Excerpt from The Quaker Boy on the Farm and at School
Within it wandered immense numbers of deer and not a few elk. The only animals of prey were the small wolf and the black bear, neither dangerous under ordinary conditions. The marshes abounded in waterfowl, and at certain seasons wild pigeons and other migratory birds could be captured in abundance by throwing stones into the flocks. There were turkeys, pheasants, and partridges. Shad and other sea-fish were plentiful in the river, and the little streams were amply stocked with trout.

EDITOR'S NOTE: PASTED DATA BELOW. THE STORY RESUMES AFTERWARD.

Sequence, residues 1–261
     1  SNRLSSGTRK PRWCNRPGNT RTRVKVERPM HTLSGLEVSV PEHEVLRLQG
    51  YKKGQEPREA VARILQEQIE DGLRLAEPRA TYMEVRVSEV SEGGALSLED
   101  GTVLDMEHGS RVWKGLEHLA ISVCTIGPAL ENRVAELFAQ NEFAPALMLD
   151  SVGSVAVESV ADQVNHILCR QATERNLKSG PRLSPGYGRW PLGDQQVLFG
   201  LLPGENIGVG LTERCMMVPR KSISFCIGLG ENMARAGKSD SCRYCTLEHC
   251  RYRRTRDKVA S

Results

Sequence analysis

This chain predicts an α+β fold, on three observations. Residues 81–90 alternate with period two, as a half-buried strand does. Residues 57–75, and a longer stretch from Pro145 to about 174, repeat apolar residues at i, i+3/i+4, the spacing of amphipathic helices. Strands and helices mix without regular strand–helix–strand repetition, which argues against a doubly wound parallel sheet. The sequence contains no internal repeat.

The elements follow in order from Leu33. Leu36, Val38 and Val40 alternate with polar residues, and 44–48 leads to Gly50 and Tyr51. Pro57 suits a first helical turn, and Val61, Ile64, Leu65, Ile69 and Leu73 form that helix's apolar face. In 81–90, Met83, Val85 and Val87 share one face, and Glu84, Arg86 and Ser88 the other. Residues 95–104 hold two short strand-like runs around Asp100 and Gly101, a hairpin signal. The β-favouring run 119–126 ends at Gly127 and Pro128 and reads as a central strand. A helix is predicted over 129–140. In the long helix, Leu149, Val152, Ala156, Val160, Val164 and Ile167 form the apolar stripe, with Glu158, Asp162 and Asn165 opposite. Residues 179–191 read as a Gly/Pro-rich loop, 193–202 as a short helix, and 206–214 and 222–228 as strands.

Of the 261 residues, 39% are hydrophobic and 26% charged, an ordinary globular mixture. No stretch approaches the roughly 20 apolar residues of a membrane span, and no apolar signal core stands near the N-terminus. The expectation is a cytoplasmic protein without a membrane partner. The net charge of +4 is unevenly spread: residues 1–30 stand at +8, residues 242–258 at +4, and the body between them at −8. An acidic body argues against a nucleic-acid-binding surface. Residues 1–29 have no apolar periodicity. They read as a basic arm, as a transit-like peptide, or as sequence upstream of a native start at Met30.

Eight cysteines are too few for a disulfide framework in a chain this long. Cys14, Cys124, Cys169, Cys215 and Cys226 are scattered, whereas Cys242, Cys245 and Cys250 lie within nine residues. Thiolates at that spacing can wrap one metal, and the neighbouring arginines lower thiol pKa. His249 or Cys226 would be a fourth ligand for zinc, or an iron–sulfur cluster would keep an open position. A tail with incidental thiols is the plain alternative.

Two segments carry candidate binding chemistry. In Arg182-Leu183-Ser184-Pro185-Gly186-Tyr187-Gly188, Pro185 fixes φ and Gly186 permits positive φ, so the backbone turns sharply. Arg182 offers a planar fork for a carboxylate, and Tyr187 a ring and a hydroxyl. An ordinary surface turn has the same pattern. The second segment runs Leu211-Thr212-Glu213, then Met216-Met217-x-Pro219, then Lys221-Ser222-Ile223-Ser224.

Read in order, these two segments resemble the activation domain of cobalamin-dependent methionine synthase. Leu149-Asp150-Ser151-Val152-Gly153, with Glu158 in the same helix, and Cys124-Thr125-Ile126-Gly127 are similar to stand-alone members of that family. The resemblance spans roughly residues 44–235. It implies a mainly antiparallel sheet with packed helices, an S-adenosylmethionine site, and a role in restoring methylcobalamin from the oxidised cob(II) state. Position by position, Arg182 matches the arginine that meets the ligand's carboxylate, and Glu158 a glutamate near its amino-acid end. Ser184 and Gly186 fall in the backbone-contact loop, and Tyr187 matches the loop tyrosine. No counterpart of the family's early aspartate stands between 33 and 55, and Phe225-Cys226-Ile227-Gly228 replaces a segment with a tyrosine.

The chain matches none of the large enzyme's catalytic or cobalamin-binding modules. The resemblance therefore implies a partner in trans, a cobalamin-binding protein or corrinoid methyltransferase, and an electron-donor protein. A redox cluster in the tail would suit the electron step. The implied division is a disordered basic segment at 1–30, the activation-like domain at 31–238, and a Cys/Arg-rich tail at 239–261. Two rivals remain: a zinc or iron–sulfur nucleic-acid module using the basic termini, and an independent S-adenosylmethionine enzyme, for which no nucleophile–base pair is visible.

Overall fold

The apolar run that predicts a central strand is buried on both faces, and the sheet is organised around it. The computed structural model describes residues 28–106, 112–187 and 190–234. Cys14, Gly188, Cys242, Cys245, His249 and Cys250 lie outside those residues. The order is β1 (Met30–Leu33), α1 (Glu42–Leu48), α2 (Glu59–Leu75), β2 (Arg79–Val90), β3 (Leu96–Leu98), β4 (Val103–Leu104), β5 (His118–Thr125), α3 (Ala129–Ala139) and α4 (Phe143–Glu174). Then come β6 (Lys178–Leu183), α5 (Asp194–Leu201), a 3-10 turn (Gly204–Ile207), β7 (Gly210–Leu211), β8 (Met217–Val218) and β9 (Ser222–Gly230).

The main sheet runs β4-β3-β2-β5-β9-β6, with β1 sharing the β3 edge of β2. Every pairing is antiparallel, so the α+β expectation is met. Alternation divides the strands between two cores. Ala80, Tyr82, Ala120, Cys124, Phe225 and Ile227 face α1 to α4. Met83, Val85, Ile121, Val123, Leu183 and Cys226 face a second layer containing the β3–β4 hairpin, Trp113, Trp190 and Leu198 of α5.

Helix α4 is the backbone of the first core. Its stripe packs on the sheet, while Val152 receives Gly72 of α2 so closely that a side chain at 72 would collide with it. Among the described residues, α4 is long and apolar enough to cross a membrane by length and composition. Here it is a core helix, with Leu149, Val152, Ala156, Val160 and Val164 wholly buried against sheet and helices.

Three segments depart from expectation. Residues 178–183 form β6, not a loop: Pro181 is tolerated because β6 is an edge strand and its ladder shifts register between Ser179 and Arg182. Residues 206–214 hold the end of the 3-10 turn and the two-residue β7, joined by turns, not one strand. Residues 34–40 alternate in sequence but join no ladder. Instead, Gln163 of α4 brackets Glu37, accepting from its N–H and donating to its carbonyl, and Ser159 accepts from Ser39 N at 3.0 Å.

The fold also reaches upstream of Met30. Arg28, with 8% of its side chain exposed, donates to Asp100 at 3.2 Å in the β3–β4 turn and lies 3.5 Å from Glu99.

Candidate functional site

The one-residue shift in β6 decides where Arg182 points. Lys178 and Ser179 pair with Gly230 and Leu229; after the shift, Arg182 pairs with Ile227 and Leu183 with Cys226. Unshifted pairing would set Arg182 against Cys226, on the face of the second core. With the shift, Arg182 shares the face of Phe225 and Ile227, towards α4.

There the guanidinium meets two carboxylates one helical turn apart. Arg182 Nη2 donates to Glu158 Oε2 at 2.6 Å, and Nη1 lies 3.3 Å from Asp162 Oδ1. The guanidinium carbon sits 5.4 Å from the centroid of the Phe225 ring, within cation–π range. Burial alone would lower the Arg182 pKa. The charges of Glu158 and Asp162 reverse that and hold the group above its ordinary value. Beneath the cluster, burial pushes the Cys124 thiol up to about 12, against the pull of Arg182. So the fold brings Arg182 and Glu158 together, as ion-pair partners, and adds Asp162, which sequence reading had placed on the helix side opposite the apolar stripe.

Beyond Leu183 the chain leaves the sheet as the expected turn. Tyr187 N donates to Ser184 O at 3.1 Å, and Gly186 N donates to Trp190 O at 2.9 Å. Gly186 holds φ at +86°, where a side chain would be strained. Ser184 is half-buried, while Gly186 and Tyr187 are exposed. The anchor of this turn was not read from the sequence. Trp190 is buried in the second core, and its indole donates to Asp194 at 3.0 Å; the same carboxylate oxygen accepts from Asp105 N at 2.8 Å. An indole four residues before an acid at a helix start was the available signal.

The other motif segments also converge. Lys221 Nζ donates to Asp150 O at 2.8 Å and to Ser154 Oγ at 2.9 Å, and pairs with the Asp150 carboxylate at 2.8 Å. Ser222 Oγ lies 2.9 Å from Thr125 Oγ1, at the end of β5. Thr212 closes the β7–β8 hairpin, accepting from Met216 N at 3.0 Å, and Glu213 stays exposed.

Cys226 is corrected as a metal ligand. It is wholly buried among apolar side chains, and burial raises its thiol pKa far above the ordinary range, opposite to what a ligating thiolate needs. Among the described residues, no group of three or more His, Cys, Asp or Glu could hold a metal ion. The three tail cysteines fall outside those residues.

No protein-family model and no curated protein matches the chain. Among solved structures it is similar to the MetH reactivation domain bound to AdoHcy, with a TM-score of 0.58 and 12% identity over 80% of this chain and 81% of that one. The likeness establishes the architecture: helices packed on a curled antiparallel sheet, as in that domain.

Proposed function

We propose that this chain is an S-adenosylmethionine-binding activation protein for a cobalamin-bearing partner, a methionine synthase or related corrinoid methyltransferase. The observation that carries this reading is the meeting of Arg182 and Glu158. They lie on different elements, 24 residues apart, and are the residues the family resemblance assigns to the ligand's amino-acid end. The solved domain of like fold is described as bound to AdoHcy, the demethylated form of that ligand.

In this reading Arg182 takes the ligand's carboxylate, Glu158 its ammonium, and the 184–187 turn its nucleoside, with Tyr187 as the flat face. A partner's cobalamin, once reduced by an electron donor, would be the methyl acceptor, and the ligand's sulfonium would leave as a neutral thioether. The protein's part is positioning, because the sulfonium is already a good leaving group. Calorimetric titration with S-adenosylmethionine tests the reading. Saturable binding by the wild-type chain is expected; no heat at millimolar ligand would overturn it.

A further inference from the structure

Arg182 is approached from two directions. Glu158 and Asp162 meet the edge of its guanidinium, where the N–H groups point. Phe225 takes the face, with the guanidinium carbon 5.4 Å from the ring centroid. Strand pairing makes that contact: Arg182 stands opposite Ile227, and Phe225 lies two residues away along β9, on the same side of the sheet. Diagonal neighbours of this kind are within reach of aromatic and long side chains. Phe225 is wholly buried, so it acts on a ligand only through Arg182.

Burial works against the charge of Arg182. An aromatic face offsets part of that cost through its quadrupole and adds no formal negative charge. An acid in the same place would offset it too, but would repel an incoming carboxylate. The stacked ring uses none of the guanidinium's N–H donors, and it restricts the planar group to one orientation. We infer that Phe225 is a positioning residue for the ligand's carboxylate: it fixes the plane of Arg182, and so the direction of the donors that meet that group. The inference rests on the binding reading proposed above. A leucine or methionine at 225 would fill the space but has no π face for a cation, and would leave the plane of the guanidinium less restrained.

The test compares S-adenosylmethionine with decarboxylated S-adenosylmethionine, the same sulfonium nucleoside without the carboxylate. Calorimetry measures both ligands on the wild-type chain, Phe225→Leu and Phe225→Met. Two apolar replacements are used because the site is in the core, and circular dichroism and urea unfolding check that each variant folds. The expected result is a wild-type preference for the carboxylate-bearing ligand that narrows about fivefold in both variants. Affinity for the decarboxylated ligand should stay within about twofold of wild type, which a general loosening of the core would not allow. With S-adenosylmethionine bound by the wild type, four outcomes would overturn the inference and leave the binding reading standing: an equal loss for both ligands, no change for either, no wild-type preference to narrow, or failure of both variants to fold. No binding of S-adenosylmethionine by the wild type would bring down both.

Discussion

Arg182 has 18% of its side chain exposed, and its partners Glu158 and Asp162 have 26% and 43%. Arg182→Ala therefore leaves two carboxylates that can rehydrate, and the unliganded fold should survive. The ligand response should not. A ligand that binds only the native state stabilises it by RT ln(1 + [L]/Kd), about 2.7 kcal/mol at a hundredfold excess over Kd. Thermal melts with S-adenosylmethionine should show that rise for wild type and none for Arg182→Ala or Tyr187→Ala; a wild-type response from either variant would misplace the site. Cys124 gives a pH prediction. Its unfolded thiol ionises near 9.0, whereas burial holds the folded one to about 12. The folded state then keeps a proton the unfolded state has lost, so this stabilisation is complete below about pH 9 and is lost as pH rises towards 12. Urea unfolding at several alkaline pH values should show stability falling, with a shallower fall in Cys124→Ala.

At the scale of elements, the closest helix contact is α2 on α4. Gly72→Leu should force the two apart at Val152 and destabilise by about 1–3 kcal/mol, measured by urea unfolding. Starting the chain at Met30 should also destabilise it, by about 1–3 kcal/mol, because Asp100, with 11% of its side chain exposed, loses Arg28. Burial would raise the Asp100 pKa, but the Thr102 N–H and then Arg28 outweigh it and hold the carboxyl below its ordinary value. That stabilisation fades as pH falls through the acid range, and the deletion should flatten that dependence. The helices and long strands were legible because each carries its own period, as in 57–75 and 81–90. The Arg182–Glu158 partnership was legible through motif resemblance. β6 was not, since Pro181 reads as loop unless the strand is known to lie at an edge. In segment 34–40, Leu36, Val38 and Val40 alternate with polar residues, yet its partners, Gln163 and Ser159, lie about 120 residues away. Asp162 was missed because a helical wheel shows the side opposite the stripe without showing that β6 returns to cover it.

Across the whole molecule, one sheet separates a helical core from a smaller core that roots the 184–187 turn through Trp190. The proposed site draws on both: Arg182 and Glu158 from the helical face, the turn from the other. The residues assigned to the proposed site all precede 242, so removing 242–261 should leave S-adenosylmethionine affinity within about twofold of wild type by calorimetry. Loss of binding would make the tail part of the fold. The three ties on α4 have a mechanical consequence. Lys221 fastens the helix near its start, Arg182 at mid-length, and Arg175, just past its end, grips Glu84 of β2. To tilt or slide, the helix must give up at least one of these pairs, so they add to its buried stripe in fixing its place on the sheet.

Nor were the settlers unworthy of their possessions. A few men of rank and education began a life of trade in the towns, burying their coats of arms as unworthy a Christian democracy. But the greater part were British yeomen, some landowners in their native country, the most of them renters who had loaded all their furniture, plate, clothing, and in some cases framed houses, into the little sailing vessels, and set out on the two or three months' voyage to the free land which the foresight and generosity of William Penn had secured. They had shown their capacity to suffer by lying months and years in British dungeons for a point of conscience, small perhaps, but which, because it was conscience, they had persisted in thinking was worth more to them than property or liberty or life. They had shown their fraternity by offering themselves - man for man and woman for woman - for their unfortunate brethren who were about to die for conscience' sake in the horrible pest-holes of England.
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